Use flow type information at runtime. Useful for validations, mapping to an ORM, and more.
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README.md

runtime-types

Use flow type information at runtime. Automatically generate validation code, ORM schemas, etc from the type definition.

Installation

npm install --save runtime-types

Runtime Example

If this file is in ./example-types.js

// @flow
export type PhoneNumber = string;

export type User = {
  username: string;
  age: number;
  phone: PhoneNumber;
  created: ?Date;
}

You can import the type information as follows:

var types = require('runtime-types')
var path  = require('path')

// read the file into a runtime type description
var MyTypes = types.readFile(path.join(__dirname, '../test/example-types.js'))

// MyTypes is now equal to:
{
  PhoneNumber: { name: 'string' },

  User: {
    name: 'Object',
    properties: [
      { key: 'username', type: { name: 'string' } },
      { key: 'age',      type: { name: 'number' } },
      { key: 'phone',    type: { name: 'PhoneNumber' } },
      { key: 'created',  type: { name: 'Date', nullable: true } } 
    ]
  }
}

Validation Example

You can use the object provided by readFile to create validators for your types

var types = require('runtime-types')
var validate = require('runtime-types').validate

var MyTypes = types.readFile(path.join(__dirname, '../test/example-types.js'))

var VALIDATORS = {
  PhoneNumber: validate.validateRegex(/^\d{10}$/),
}

var validators = validate.createAll(VALIDATORS, MyTypes)

Then you can check various objects to make sure they match User at runtime.

var errs = validators.User({
  username: "bobby",
  age: 23,
  phone: "8014114399",
  created: null
})

// ==> []

Checks if fields are set

var errs = validators.User({
  age: 23,
  phone: "8014114399"
})

// ==> [ { key: 'username', value: undefined, error: 'missing' } ]
// no error for created because it is nullable

Checks correct typeof for string, number and boolean

var errs = validators.User({
  username: "bobby",
  age: "not an age",
  phone: "8014114399",
})

// ==> [ { key: 'age', value: 'not an age', error: 'expected typeof number' } ]

Checks instances for Date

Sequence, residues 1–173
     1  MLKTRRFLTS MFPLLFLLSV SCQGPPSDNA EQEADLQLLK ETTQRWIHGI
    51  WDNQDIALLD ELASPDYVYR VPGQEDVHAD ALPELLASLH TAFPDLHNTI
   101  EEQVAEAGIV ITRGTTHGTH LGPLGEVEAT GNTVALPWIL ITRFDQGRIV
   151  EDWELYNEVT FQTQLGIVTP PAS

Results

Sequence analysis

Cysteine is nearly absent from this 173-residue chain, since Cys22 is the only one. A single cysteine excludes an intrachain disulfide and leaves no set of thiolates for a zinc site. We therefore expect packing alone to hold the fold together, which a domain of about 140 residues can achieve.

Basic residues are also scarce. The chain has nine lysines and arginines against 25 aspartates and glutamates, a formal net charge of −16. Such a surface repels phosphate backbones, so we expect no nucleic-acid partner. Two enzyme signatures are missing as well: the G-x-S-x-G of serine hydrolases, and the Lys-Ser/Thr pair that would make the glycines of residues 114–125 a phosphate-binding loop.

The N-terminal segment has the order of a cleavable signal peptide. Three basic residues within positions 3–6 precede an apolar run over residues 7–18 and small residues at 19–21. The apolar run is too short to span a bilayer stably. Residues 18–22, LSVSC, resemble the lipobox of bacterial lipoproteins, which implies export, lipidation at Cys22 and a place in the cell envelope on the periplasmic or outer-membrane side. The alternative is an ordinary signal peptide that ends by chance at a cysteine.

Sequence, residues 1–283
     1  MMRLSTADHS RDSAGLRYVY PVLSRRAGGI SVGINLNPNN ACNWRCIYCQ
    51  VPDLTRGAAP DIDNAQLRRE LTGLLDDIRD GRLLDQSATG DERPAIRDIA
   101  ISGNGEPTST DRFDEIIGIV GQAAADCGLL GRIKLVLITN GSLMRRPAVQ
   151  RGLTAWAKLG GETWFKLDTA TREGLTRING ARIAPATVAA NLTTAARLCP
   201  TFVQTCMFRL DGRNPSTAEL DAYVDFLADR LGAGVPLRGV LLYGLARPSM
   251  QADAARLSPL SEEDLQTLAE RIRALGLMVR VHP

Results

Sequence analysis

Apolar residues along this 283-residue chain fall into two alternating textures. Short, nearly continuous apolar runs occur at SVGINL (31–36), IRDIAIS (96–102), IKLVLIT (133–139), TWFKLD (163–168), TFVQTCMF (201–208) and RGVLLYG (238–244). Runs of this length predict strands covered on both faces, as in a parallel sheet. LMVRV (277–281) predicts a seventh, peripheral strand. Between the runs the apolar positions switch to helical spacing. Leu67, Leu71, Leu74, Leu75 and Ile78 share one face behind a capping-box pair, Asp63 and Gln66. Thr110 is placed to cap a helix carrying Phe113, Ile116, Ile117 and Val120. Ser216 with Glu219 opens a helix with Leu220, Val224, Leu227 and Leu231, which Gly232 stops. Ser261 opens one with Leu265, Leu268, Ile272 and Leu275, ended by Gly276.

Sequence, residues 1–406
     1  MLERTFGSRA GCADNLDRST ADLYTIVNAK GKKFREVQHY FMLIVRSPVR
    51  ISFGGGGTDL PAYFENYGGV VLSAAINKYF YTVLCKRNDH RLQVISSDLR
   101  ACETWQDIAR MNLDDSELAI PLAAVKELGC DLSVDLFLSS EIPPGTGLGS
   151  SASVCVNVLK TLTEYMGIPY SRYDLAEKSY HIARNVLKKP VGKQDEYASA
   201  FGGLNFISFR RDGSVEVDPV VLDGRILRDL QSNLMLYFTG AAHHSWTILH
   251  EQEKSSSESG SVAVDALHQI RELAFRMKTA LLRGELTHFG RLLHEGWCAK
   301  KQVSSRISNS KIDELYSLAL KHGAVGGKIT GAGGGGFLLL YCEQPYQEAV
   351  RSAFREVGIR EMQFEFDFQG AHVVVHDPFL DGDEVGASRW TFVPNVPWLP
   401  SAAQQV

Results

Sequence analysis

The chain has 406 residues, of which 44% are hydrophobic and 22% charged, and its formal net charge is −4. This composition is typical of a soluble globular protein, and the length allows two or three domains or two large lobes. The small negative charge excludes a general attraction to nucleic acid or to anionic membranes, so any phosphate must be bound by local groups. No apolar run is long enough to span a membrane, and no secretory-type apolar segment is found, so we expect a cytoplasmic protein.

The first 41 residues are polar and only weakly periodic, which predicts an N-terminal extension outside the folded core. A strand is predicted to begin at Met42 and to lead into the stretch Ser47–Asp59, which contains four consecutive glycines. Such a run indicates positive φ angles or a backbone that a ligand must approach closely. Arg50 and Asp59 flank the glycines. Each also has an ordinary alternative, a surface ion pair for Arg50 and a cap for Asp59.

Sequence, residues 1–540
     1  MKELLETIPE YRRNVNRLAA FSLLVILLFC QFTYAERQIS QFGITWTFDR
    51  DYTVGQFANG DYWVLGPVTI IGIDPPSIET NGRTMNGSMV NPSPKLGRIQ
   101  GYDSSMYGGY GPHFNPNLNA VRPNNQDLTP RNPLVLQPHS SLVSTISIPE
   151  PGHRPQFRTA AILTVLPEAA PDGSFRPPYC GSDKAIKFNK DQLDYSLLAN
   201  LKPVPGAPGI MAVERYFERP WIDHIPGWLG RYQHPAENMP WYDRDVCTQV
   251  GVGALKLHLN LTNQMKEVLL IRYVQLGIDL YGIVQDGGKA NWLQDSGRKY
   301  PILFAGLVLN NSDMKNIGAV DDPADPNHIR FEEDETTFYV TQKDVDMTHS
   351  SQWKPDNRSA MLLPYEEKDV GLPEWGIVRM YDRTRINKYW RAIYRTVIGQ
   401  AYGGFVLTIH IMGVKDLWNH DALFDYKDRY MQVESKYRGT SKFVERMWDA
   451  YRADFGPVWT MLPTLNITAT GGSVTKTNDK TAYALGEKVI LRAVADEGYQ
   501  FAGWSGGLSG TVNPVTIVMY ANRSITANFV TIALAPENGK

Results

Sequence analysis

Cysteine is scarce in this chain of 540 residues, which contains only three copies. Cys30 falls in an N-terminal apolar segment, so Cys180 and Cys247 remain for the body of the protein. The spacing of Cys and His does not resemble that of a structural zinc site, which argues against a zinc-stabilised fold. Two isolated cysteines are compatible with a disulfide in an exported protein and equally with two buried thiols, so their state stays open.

var errs = validators.User({
  username: "bobby",
  age: 23,
  phone: "8014114399",
  created: 1432757991843 // was supposed to be date, not a timestamp
})

// [ { key: 'created',
//     value: 1432757991843,
//     error: 'expected instance of function Date() { [native code] }' } ]

Provided Validators: regex

var VALIDATORS:ValidatorMap = {
  PhoneNumber: validate.validateRegex(/^\d{10}$/),
}

var validators = validate.createAll(VALIDATORS, MyTypes)

var errs = validators.User({
  username: "bobby",
  age: 23,
  phone: "801-443-8899", // should be 10 digits without hyphens
})

// [ { key: 'phone',
//     value: '801-411-4399',
//     error: 'did not match /^\\d{10}$/' }, ]

Custom Validators: anything

var VALIDATORS:ValidatorMap = {
  PhoneNumber: function(value) {
    if (value.length == 10) {
      return true
    }
    else {
      return "wrong length!"
    }
  }
}

It does not try to guess validators for your type aliases. If you forget to provide one it will throw an error when you generate the validators

var VALIDATORS:ValidatorMap = {}

var validators = validate.createAll(VALIDATORS, MyTypes)

// Error: Could not find validator for type: PhoneNumber

Mapping to ORM Schemas

Coming soon. Will be similar to implementation of validate.js

API: runtime-types

readFile. See example

// read a file synchronously and return a type definition for each type alias found
// keys are the name of the alias
// values are the type description
// you should run this when your program starts

readFile(filepath:string):ObjectMap<Type>;

Property and Type

type Property = {
  key: string;
  type: Type;
  optional?: boolean;
}

type Type = {
  name: string; // number, string, boolean, Post, User, Array

  literal?: string; // for string literals

  nullable?: boolean;

  // only filled for object types
  properties?: Array<Property>;

  // only filled for generics, like Array<XX>
  params?: Array<Type>;
}

export type ObjectMap<T> = {[key: string]: T}

API: validate

See the example

This library returns ValidateObject functions: they accept an object and return an array of errors

type ValidationError = string;

type KeyedError = {
  key: string;
  value: string;
  error: ValidationError;
}

type ValidateObject = (value:Object) => Array<KeyedError>

Create a single validate function

create(map:ValidatorMap, type:Type):ValidateObject;

Create a map of validation functions, with keys equal to the name of the types

createAll(map:ValidatorMap, types:ObjectMap<Type>):ObjectMap<ValidateObject>;

Validators are the functions that you use as building blocks. They return either true or an error message

type Validator<T> = (value:T) => ValidationResult

// use === true to test
type ValidationResult = boolean | ValidationError;

Provided Validators:

validateExists():Validator;

validateTypeOf(type:string):Validator;

validateInstanceOf(type:any):Validator;

validateRegex(regex:RegExp):Validator;

The ValidationMap connects types to validators

type ValidatorMap = {[key:string]:Validator}

// the default validation map, override by passing to `create`

var VALIDATORS_BY_TYPE:ValidatorMap = {
  "string"  : validateTypeOf("string"),
  "number"  : validateTypeOf("number"),
  "boolean" : validateTypeOf("boolean"),
  "Date"    : validateInstanceOf(Date),
  "Object"  : validateExists(),
}